All these diaspora groups have very similar goals: the repeal of the FATCA law and citizenship-based taxation (the ideal) or mitigation of both to make them less onerous. The constraints they operate under, however, are very different.
Traditional Diaspora Organizations and Their Constraints: The established diaspora organizations are committed to working through the homeland political system and that constrains them: there are a number of things they cannot say or do lest the people in Washington cut off their access. On the other side they have a membership of Americans outside the U.S. they are accountable to and they must be actively fighting on their behalf and not seen as agents for U.S, policies that are contrary to the interests of their members.
They are centralized top-down organizations with structure, rules and a lot of history. This kind of organization has been successful in influencing the U.S. government on all kinds of topics of interest to Americans abroad like citizenship and voting rights.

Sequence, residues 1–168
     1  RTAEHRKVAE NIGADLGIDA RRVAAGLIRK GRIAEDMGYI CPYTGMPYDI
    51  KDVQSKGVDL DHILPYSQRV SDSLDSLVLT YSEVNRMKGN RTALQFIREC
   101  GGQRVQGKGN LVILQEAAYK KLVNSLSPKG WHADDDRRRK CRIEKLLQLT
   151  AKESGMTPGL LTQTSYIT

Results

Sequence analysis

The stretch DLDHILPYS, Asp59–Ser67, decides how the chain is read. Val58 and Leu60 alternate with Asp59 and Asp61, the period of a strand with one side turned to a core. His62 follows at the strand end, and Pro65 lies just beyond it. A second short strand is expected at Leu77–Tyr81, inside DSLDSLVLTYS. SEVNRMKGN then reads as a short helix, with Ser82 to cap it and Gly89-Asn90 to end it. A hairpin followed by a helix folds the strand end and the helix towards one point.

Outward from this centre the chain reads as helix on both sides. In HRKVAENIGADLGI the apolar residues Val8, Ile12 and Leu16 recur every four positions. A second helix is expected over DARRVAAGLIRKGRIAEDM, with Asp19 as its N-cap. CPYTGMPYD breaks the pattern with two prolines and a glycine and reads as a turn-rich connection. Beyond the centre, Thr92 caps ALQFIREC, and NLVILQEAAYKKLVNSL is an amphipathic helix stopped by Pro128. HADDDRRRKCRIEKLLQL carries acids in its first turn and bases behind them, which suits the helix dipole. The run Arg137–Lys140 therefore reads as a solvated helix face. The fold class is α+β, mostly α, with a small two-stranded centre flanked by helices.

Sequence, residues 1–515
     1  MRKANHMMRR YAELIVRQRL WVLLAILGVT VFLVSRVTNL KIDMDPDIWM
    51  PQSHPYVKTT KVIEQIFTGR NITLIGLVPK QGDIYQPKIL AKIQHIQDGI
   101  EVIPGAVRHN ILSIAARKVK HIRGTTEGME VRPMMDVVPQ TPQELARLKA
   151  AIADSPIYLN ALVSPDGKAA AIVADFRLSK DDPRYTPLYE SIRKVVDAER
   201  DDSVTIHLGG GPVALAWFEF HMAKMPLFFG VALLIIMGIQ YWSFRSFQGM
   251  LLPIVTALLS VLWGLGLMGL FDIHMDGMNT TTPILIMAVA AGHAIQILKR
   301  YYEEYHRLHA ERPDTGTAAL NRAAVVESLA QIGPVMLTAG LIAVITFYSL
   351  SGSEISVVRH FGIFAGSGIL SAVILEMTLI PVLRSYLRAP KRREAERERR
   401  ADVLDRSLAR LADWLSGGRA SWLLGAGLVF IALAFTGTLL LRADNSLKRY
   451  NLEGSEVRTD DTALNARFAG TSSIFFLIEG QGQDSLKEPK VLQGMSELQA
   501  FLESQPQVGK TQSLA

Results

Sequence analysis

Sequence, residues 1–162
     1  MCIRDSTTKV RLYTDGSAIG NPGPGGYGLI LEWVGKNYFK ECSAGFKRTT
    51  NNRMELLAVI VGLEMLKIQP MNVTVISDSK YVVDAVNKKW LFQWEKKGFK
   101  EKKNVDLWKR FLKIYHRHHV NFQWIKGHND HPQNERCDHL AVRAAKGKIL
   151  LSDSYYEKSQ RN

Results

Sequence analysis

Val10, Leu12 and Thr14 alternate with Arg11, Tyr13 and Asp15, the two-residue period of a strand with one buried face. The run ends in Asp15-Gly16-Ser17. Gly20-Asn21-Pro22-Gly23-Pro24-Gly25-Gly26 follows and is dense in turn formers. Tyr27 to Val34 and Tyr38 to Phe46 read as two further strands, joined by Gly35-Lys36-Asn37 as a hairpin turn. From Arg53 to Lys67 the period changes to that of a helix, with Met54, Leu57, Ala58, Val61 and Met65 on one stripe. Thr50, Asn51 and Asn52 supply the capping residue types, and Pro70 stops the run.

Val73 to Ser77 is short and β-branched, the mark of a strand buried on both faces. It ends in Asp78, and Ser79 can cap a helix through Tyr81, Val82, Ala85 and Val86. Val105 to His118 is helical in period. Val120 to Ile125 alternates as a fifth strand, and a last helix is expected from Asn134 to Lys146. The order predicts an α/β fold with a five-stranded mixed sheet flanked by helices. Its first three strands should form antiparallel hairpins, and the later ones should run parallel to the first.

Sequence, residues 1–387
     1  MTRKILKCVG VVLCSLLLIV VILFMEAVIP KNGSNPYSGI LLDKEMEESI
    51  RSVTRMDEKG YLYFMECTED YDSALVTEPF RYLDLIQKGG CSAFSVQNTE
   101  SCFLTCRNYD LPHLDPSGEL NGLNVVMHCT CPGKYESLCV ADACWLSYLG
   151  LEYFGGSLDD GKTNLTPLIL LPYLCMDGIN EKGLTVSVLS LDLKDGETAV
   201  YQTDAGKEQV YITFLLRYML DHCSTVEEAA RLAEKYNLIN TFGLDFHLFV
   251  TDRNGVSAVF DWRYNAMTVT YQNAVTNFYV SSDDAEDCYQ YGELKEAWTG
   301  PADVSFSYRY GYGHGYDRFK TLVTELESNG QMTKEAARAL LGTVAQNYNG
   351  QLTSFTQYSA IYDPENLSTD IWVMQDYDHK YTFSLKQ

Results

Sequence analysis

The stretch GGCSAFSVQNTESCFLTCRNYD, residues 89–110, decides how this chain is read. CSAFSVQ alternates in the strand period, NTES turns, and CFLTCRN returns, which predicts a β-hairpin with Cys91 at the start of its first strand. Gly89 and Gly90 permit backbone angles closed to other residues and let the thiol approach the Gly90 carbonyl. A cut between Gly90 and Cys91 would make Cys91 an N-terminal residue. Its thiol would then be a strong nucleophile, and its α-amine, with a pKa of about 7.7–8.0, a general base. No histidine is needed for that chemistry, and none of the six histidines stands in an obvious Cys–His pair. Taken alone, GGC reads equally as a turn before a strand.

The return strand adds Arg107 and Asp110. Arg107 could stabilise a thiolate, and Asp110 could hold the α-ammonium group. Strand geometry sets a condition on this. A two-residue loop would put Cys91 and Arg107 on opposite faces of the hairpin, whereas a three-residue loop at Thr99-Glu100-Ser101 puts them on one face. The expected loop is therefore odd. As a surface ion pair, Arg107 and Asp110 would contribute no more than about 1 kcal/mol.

The New Diaspora Organization: Constrast them with the Isaac Brock Society which is a relatively recent decentralized bottom-up Internet-based organization with almost no structure and very few constraints. There are no leaders, the structure is very loose, and the members speak for themselves. The Brockers are not interested in access in the U.S. and their existence does not depend on a dues-paying membership (though they are depending on another currency which is attention).
They have been successful in three areas: raising awareness of FATCA and CBT worldwide, facilitating renunciations of U.S. citizenship (they are not directly responsible for the rising numbers but they offer a safe haven and resources for those who are thinking about it) and influencing the host country governments, in particular Canada where they are making FATCA a political problem for the Canadian government as it negotiates its IGA with the U.S. government.